Someone once said in regards to movies based on books that the reason the book is usually superior is that the book is allowed to be itself. Maybe that’s why so many books, like Wrinkle In Time, often defy any attempts to adapt them. When this movie got Oprah Winfrey, I cringed. I cringed even more when it got a low score on Rotten Tomatoes. You see, I love A Wrinkle in Time. The whole cycle is one of my favorite series of all time. So I felt I had to give the movie a chance. What a mistake that was.
First, a warning. I am cutting the kids in the movie some slack. I know it’s hard to get good child actors, so I’m not expecting that. The adults, I’m not going lightly on. Anyway, on to the positives.
I didn’t have a problem with the multi-racial cast. Madeline L’Engle never specified what her characters’ nationalities were, so I don’t mind Meg being African-American. It’s a take I didn’t have in mind, but hey, if they want to mix up the races in the story, I’m fine. (I personally thought Meg was a redheard with an Irish accent, but that’s me.) Of the three women who played the Misses, Reese Witherspoon gave the best performance. The computer effects were fine. In fact, the visuals were mostly the only good thing about the movie. But when is Hollywood going to realize they can make the prettiest movie ever, but if it has no substance, it’s worthless?
Now for the negatives, and I have A LOT! No, you people don’t impress me with starting on a stormy night, nor the odd quotes from the book. And you especially don’t get any points for removing the spirituality from the story. L’Engle was a Christian writer, and by taking out the spirituality, you remove the story’s soul. It wasn’t just love that had bound Meg’s family together, it was their faith. Why weren’t the twins in the story? I can forgive Fortinbras not even being named, because he was just there to be a dog. Their father was in the story way too much. L’Engle didn’t have to rely on flashbacks to show how estranged everyone’s relationships were. Charles Wallace is rude all throughout the movie. This ruins the moment when he turns evil because he’s not acting any different.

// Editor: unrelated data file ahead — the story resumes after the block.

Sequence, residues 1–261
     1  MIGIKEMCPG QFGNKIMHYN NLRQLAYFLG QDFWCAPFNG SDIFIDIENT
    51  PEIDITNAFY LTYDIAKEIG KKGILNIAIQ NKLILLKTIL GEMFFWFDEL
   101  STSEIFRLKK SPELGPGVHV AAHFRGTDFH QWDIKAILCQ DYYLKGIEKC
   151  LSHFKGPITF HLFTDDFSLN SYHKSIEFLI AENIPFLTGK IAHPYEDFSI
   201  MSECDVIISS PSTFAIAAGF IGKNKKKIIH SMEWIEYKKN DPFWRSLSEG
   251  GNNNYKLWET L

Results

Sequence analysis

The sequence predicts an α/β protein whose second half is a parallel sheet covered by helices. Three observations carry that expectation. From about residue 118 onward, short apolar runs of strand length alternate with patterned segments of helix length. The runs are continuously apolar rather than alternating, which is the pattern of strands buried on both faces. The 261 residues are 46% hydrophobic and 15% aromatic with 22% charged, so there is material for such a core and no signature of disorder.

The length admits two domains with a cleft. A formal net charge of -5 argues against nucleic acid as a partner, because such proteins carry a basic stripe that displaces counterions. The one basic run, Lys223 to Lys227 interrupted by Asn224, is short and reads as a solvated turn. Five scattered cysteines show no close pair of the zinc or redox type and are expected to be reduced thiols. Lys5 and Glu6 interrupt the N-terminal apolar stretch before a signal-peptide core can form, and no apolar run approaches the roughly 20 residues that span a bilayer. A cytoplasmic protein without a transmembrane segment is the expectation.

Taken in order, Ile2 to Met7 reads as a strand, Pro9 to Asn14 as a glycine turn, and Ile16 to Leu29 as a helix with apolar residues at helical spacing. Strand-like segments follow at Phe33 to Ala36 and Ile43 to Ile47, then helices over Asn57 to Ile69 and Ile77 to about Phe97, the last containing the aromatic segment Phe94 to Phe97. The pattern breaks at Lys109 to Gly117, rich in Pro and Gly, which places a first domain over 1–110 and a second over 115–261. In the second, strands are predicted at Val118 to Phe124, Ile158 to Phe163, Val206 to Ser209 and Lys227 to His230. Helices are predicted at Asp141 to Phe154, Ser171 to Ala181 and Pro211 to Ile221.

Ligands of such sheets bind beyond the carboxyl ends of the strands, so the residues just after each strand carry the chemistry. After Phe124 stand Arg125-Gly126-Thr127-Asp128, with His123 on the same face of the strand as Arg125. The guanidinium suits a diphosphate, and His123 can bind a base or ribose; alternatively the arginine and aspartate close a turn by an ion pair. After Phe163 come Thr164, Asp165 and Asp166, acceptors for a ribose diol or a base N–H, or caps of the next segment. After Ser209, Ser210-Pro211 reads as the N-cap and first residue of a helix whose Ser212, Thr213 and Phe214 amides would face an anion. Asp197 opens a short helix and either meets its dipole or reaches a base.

Calvin just happens to show up when the story starts. The book gave him a definite reason to be there. And why does he disappear during the battle with the It? He’s barely in the story to begin with! He’s a very important character in the series! You can’t do that!
The three misses are so bland in the movie. Yes, they’re cryptic here too. But the books gave them very definite rules that they had to follow, and they didn’t bend them, which they do several times in the movie. Mrs. Who isn’t just a woman who spouts quotes all the time. The quotes are supposed to be clues to the overall story, not just random stuff. (And none of the quotes are actually from the book. Especially not the Christian ones)
Ava DuVernay also disappointed me in another way. She said that the movie’s performance was proof that the United States is still a racist country. Ms. DuVernay, we had an African-American president who served two terms! Do you know what one of the highest-grossing movies was for last year? Black Panther, which had a predominantly black cast (and way too much hype, I thought). I disliked the movie because it failed to even attempt to be as good as the book, not because I’m racist.
You know what? I’m just going to read the books and let my mind make the movie. I’ll do better than this movie did.